World

Your Tuesday Briefing

Dr. Anthony Fauci said the evolution of the pandemic was still unclear.Credit…Salvatore Di Nolfi/EPA, via Shutterstock

Will Omicron bring an end to the pandemic?

Speaking at the online World Economic Forum, Dr. Anthony Fauci, President Biden’s top medical adviser for Covid, said it was too soon to say how the Omicron variant would change the course of the pandemic. The sheer volume of cases could have a meaningful effect on collective immunity, he said, but the evolution of the pandemic was still unclear.

“It is an open question as to whether or not Omicron is going to be the live virus vaccination that everyone is hoping for,” he said, adding: “That would only be the case if we don’t get another variant that eludes the immune response.”

Cases remain extremely high across the U.S., averaging nearly 802,000 per day, an increase of 98 percent over the past two weeks. An average of nearly 156,000 people with the virus are hospitalized nationwide, a record. Deaths now exceed 1,900 per day, up 57 percent over two weeks.

Next steps: Dr. Fauci said the world was still in the first phase of the pandemic — “where the whole world is really very negatively impacted.” The next phases are deceleration, control, elimination and eradication. In the control phase, he said, the virus will become a “nondisruptive presence” and be considered endemic.

Here are the latest updates and maps of the pandemic.

In other developments:

  • China scrapped plans to sell tickets to the public for the Winter Olympics, less than two days after health authorities reported Beijing’s first case of the Omicron variant.

  • The tennis star Novak Djokovic returned to Serbia after his deportation from Australia over his vaccination status.

  • Australia will recognize Russia’s Sputnik V vaccine for incoming travelers.

  • Health officials in the U.S. are figuring out how to convey a tough message to the public: that the science is incomplete, and that this is our best advice for now.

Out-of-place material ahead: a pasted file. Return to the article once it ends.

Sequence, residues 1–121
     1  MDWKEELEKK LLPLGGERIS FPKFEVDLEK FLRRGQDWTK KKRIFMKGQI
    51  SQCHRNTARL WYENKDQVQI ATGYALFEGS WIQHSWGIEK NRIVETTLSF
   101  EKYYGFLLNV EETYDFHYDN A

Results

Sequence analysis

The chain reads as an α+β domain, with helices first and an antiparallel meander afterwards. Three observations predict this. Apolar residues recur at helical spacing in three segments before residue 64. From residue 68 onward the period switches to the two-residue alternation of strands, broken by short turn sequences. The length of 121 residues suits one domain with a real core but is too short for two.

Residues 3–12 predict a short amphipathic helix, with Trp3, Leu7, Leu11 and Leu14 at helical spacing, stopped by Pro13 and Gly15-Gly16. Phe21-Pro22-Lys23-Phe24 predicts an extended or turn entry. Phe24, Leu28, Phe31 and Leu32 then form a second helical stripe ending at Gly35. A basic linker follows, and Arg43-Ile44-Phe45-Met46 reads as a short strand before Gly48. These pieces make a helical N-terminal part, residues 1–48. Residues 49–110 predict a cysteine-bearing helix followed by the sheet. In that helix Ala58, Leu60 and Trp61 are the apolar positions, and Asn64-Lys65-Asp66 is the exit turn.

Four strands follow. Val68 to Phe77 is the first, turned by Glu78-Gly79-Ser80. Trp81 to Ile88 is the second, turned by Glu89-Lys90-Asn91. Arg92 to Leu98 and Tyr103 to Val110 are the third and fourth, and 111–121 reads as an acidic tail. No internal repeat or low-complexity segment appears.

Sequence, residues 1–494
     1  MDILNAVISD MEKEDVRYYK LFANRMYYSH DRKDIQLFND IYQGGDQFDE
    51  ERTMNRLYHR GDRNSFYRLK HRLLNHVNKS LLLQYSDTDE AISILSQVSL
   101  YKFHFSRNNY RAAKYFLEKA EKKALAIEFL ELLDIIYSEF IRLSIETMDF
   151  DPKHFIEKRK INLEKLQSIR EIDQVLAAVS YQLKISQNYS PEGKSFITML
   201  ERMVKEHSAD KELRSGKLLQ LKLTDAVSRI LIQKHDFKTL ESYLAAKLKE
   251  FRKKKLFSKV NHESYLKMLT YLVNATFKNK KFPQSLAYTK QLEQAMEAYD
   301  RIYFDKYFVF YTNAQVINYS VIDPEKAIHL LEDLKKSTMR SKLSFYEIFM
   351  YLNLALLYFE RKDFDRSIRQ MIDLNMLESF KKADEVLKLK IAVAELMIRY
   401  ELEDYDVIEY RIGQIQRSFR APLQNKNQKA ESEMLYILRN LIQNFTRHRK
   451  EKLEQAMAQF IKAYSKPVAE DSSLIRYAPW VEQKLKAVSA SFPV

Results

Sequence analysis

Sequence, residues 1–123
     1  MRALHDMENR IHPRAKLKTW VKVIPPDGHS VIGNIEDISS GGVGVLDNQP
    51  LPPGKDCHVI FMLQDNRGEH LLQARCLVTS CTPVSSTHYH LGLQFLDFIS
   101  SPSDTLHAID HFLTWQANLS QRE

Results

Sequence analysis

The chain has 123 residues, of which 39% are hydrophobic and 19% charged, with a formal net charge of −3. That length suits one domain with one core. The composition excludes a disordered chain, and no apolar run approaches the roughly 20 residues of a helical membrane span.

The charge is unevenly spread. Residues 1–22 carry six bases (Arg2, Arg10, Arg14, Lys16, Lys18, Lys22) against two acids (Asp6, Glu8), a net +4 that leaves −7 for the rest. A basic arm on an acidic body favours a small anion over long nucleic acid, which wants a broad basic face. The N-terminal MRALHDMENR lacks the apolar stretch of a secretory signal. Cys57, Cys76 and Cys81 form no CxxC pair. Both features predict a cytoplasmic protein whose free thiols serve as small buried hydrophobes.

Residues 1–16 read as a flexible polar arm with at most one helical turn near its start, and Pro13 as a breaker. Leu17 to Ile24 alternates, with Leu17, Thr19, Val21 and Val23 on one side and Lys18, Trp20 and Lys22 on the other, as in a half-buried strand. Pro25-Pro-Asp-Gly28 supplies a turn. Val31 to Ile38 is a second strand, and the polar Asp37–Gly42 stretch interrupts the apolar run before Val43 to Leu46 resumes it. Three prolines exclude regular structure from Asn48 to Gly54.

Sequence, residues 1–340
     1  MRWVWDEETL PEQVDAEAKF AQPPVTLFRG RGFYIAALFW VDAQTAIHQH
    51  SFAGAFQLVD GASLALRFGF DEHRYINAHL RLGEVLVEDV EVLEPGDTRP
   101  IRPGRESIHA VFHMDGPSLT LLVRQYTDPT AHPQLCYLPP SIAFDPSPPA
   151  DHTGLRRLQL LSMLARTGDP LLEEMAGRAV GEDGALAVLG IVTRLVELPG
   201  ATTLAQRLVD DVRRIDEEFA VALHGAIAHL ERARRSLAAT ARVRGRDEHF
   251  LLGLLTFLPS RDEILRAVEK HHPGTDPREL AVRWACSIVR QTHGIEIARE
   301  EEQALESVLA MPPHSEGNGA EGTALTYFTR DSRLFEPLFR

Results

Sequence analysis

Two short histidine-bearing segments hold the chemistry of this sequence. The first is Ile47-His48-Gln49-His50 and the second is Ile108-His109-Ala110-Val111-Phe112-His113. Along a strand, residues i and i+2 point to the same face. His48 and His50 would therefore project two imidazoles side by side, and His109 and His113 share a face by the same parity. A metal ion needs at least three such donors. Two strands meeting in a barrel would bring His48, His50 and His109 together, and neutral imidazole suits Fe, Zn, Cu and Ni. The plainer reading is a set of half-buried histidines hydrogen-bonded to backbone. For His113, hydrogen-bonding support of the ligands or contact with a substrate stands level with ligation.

Maltby & Greek, a specialty importer at Spa Terminus in London. Credit…Andrew Testa for The New York Times

European products and British headaches

For British companies that depend on fast, small deliveries from Europe, the costs of new Brexit trade rules are mounting. They now have to contend with additional forms, customs charges and health safety checks for goods to cross Britain’s border.

After a yearlong delay, on Jan. 1, Britain stepped up its enforcement of customs requirements for goods coming from the E.U., which in 2020 accounted for half of all imports into the country. Now, the goods must be accompanied by customs declarations, and businesses importing animal and plant products must notify the government of shipments in advance.

For food importers, this is a particular problem. Some British businesses are taking on the export costs of their European suppliers to avoid losing them. Others are just importing less, reducing the choices for customers. Still others are restricting purchases to bulk orders and forgoing trying new products.

Analysis: “We are past the point of having wild shortages,” said David Henig, a trade policy expert in London, who compared the damage to a “slow-boiling frog.” The extra costs will eat away at Britain’s economy, with independent forecasts indicating an eventual shortfall of about 4 percent of gross domestic product.


A newborn at a hospital in Danzhai, China, last year.Credit…Agence France-Presse — Getty Images

China’s looming demographic crisis

China’s birthrate plummeted for a fifth straight year in 2021, moving the world’s most populous country closer to a demographic crisis that could undermine its economy and even its political stability. The birthrate was lower even than the most pessimistic estimates, experts said.

Births fell to 10.6 million in 2021, compared with 12 million the year before. That was fewer than in 1961, when the Great Leap Forward, Mao Zedong’s economic policy, resulted in widespread famine and death. Growth in the last quarter of 2021 slowed to 4 percent.

China’s population could soon begin to contract, something that would be hard to reverse and might result in labor shortages. To counter the problem, the Chinese Communist Party has loosened its notorious “one child” policy and offered incentives to young families. But the changes come as social and economic conditions have improved for women, an increasing number of whom don’t want children.

Quotable: “The year 2021 will go down in Chinese history as the year that China last saw population growth in its long history,” said Wang Feng, a professor of sociology at the University of California, Irvine.

THE LATEST NEWS

News From Europe

Credit…Francois Mori/Associated Press